By Michael S. Derby
NEW YORK (Reuters) - Cleveland Federal Reserve President Loretta Mester said on Tuesday she is open to raising interest rates again, potentially at the U.S. central bank's next meeting, if the current state of the economy holds, even as she acknowledged that a surge in long-term bond yields could change the monetary policy outlook.
"If the economy looks the way it did at the next meeting, similar to the way it looked at our recent meeting, I would do the further rate increase," she told reporters in a conference call.
But Mester, who does not hold a vote on the central bank's rate-setting Federal Open Market Committee this year, cautioned that what comes next for the Fed is still a moving target.
"I can't really tell you right now what will happen in the November meeting, December meeting," the official said of the policy outlook heading into the close of the year. "I probably favor going again, but again, we're going to have to wait and see how the economy evolves."
The FOMC is scheduled to meet on Oct. 31-Nov. 1 and again on Dec. 12-13.
Mester spoke to reporters after giving a speech late on Monday that laid out her expectation that one more rate hike in the Fed's benchmark overnight interest rate, which is currently in the 5.25%-5.50% target range, is justified given that inflation pressures, while easing, are still too high.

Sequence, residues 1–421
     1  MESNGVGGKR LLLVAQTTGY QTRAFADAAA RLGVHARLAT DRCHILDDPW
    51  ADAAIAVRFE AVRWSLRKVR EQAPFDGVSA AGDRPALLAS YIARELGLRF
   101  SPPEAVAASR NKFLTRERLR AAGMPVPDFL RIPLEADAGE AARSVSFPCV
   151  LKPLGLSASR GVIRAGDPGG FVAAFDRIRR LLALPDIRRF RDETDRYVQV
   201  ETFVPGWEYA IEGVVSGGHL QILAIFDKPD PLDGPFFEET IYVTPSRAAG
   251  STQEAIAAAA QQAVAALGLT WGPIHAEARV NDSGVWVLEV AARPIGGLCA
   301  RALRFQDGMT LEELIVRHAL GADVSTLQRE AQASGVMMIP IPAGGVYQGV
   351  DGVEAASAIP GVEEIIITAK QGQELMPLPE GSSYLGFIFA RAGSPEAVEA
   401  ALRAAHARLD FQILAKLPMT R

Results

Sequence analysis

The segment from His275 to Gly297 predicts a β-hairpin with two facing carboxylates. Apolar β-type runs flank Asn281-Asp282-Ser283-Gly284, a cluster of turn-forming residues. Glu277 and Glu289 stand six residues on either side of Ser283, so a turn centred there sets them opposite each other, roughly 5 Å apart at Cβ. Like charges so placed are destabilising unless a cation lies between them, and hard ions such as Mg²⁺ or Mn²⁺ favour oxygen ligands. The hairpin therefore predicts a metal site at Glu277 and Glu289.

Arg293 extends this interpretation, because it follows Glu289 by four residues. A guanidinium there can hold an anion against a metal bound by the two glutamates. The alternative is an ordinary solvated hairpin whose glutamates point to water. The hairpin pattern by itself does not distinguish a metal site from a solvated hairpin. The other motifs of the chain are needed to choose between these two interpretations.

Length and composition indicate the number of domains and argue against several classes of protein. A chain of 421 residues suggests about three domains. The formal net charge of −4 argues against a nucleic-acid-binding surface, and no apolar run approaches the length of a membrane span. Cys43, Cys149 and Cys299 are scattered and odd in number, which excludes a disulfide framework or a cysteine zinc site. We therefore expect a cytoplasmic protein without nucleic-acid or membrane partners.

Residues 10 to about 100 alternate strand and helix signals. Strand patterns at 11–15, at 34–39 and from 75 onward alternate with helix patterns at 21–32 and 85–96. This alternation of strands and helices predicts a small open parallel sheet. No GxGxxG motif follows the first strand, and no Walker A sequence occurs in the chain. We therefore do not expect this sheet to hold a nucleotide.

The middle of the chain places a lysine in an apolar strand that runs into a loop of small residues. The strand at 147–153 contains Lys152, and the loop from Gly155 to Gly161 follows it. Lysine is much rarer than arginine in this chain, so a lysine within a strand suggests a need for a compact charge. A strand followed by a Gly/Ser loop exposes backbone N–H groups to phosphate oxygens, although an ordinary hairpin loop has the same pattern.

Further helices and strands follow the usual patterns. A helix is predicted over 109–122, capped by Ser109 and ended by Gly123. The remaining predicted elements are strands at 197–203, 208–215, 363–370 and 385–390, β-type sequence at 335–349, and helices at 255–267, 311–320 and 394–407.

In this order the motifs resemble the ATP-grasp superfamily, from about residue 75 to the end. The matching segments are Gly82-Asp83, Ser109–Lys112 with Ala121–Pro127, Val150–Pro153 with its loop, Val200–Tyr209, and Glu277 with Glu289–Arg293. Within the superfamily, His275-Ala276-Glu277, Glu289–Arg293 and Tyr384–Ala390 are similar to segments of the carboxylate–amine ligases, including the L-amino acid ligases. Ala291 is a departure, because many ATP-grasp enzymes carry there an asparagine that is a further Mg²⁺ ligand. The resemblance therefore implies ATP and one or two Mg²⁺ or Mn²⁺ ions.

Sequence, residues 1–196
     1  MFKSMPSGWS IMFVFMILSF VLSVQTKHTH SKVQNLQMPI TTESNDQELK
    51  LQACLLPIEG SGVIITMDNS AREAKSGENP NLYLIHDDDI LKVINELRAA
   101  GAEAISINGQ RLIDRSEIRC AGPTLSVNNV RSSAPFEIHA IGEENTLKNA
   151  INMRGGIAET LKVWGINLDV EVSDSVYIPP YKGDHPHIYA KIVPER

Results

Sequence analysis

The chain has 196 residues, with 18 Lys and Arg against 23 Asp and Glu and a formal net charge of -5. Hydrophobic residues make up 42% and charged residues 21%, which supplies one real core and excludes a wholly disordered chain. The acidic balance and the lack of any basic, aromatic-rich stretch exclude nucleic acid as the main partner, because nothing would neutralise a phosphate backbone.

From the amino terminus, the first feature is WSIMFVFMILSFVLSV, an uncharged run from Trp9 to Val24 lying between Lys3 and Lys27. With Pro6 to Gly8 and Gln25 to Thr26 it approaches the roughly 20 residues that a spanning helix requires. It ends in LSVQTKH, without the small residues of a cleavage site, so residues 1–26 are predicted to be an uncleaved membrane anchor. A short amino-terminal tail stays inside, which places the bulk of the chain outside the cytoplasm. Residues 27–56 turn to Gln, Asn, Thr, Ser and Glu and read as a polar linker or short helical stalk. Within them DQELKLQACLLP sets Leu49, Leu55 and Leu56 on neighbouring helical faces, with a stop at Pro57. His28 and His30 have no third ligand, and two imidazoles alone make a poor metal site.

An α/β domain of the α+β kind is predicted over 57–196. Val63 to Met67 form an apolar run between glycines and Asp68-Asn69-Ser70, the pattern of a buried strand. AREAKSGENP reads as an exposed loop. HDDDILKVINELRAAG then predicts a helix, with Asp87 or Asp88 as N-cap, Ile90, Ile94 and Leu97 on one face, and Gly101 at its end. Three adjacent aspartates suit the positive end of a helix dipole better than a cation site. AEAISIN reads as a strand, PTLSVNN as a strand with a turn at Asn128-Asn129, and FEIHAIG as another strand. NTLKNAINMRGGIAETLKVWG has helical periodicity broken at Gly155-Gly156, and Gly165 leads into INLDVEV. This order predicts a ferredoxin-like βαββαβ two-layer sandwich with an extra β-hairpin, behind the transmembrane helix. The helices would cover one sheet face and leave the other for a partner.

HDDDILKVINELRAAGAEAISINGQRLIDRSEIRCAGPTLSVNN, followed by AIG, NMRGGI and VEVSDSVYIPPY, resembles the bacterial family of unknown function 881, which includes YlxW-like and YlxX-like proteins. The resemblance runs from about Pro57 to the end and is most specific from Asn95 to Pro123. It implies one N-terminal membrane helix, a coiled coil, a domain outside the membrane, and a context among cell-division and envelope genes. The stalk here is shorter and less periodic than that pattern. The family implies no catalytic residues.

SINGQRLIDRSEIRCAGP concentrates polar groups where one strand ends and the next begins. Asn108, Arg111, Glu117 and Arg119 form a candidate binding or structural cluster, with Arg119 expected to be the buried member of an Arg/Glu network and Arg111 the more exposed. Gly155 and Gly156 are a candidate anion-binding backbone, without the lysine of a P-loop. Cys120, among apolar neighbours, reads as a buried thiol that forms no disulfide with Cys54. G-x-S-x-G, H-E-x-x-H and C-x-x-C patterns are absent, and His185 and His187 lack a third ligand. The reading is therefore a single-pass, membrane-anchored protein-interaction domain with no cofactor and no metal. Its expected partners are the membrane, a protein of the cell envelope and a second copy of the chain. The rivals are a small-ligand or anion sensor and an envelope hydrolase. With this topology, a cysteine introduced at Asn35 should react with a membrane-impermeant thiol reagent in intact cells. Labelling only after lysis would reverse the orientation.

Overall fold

The Fed kept rates unchanged at its meeting last month. Although policymaker projections issued at that meeting penciled in one more increase for the year, many traders believe that with inflation moving steadily back to the central bank's 2% target, it will be able to hold off on further tightening.
Mester on Tuesday said that from her perspective, "the question is, how long do we need to keep monetary policy restrictive in order to be confident inflation is going to come down to 2%?" She added that "we're going to have to keep policy restrictive for some time," even as she refrained to say how long that would be, or when the Fed could contemplate lowering rates.
Mester said she expects inflation to return to 2% by the close of 2025. The latest Fed forecasts expect that to happen in 2026.
She also said surging bond yields - the yield on the 10-year Treasury note has risen to a level last seen 16 years ago - will affect the decisions Fed officials will make.
"We're going to have to follow that and watch it and that will influence not only our policy decisions, but how the economy evolves," Mester said. "Over the next year, those tighter or higher rates will have an impact on the economy and we just have to take that into account when we're setting monetary policy."
(Reporting by Michael S. Derby; Editing by Jonathan Oatis and Paul Simao)